To say Nintendo have had a stellar year is likely an understatement. Coming back from the disaster that was the Wii U, the Switch has catapulted Nintendo back into the limelight. Bolstered by strong sales and critical reception by their first party games, particularly Legend of Zelda: Breath of the Wild and Super Mario Odyssey, third party games have also been excelling on their new handheld/home console hybrid. Just a few years ago if you’d told me that Skyrim and Doom would be playable on a Nintendo console I’d have laughed at you, but here we are. Even outside of the Switch, the SNES Mini has been a massive success financially. In fact it was such a success that NPD, a US based hardware and physical game disc sales tracker, had the Switch down as the highest selling games hardware in September with the SNES Mini in second.
Owners of the Switch are likely pretty happy with their first few months with the console, with third party, first party and a glut of indie games there has already been more to play on the Switch that the Wii U had in its short, sad life span. With all that said though, what comes next? For the rest of the calendar year 2017 Nintendo still have the sure to be highly profitable Pokémon Ultra Sun and Ultra Moon to release (unfortunately these are just 3DS releases), but in 2018 we’re a lot less sure what we can look forward to playing. A few games have been announced by Nintendo for the future of the Switch, a new Metroid and Pokémon game are set to be released but we’ve been warned these are in the early stages of development. With a Zelda and Mario game having just come out this year we’re likely a few years off the release of another mainline entry in those series. With fewer and fewer games left to port from the Wii U, Super Smash Bros. seems a logical re-release for Switch in 2018, with maybe Bayonetta 2 and Wonderful 101 to also follow suit. Nintendo may soon run into a drought of games.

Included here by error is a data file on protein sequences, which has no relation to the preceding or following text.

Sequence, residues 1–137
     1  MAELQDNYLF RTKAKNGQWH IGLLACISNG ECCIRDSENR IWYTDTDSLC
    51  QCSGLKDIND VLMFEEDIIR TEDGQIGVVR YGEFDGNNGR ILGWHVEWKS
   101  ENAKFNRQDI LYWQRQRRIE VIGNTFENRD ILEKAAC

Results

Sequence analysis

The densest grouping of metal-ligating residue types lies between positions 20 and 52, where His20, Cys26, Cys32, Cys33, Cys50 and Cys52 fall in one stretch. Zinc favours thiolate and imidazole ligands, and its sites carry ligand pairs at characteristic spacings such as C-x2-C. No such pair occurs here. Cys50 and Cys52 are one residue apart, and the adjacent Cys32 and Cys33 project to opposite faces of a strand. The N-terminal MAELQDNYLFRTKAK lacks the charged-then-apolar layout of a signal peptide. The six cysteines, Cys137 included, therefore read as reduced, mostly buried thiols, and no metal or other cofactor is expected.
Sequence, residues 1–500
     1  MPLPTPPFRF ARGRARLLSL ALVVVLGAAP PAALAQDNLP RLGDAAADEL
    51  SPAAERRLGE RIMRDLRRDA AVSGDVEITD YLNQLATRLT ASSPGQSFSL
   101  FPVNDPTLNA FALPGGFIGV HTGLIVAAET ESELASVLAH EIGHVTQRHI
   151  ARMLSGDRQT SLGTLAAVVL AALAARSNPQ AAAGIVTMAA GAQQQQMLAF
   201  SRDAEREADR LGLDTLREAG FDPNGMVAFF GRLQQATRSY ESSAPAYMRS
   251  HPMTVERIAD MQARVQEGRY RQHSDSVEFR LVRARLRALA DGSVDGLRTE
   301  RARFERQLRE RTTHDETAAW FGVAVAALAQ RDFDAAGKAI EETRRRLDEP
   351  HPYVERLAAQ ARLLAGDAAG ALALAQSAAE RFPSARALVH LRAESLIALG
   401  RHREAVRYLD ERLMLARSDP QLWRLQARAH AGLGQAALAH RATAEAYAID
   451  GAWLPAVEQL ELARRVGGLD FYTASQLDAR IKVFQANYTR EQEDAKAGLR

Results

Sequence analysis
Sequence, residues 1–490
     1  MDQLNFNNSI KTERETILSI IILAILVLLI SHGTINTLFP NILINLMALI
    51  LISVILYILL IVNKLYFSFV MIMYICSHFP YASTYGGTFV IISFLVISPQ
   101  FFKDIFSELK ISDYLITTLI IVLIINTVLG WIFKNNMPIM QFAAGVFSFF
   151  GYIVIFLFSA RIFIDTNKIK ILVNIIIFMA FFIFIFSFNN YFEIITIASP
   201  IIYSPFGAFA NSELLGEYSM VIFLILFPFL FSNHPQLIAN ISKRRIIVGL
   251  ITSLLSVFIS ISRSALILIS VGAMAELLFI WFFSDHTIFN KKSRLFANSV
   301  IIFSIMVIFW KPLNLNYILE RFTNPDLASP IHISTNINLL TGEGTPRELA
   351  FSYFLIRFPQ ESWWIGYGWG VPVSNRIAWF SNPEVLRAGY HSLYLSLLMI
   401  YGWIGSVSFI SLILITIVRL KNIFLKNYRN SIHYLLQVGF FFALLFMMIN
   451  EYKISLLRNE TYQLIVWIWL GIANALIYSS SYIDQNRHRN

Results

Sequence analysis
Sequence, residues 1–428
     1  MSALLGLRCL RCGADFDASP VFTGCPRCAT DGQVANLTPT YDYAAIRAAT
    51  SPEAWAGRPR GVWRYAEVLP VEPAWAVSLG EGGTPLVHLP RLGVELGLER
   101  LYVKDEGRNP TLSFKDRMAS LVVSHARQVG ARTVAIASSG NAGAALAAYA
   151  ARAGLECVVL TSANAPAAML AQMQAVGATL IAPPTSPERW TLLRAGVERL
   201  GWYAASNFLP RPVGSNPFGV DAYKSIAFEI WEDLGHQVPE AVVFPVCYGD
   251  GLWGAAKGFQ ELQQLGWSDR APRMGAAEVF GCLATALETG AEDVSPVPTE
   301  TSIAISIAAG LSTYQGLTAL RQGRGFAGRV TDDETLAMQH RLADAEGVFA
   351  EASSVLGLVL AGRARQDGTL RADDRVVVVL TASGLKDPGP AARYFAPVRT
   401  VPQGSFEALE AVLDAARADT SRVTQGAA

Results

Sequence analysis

While some will argue that third party releases will fill in the gaps between major Nintendo developed releases, it’s worth noting that going forward as games become even more technologically demanding in the age of the PS4 Pro and Xbox One X it will become much more difficult to port these to the relatively weak Switch. Unless developers are releasing exclusive third party games to the Switch, as Ubisoft did to apparent success with Mario + Rabbids Kingdom Battle, Nintendo may need to rely on a steady stream of indie games to tide over its impressive player install base.
Nintendo has long relied on its ‘few in number but reliably popular’ established game series like Mario, Zelda, Pokémon etc. to keep players coming back to consoles. However in recent years with new IPs like Arms and Splatoon we’ve perhaps begun to see a realization on Nintendo’s part that the success of their console relies more on their own output than what third parties can supply. When the first party games release at a steady pace and attract gamers to create a reliable install base, the third parties come to the console and not the other way around, as was the apparent intention on the launch of the Wii U. Early in the launch window of the Switch some rumours started to fly that internal development of games at Nintendo had moved entirely to the Switch, with the few 3DS games still in production to be finished and released and the teams then moved to making Switch games. While we can’t confirm this, it’s reasonable to assume that with the success of the Switch in its first year that if such a move to being all-in on the console hasn’t occurred, it now will.
As a Switch owner without a huge nostalgia for Nintendo’s main franchises, I’m cautiously excited for the future of the Switch. With the promise of a mainline Pokémon game down the line that I can finally play on a TV, I just hope that between here and then I also get the chance to play some new and a few more familiar games.